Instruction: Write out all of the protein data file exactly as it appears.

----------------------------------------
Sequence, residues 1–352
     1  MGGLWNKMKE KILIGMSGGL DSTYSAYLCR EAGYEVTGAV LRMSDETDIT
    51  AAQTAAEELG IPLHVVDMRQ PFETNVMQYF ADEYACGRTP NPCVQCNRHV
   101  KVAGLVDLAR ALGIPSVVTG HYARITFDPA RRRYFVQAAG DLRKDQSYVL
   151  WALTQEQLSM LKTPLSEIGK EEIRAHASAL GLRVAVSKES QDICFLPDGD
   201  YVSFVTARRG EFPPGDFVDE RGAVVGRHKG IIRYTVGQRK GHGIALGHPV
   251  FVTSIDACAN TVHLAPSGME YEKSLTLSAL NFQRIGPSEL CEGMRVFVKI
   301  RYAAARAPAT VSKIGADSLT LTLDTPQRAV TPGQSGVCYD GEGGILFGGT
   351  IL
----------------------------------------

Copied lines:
Sequence, residues 1–352
     1  MGGLWNKMKE KILIGMSGGL DSTYSAYLCR EAGYEVTGAV LRMSDETDIT
    51  AAQTAAEELG IPLHVVDMRQ PFETNVMQYF ADEYACGRTP NPCVQCNRHV
   101  KVAGLVDLAR ALGIPSVVTG HYARITFDPA RRRYFVQAAG DLRKDQSYVL
   151  WALTQEQLSM LKTPLSEIGK EEIRAHASAL GLRVAVSKES QDICFLPDGD
   201  YVSFVTARRG EFPPGDFVDE RGAVVGRHKG IIRYTVGQRK GHGIALGHPV
   251  FVTSIDACAN TVHLAPSGME YEKSLTLSAL NFQRIGPSEL CEGMRVFVKI
   301  RYAAARAPAT VSKIGADSLT LTLDTPQRAV TPGQSGVCYD GEGGILFGGT
   351  IL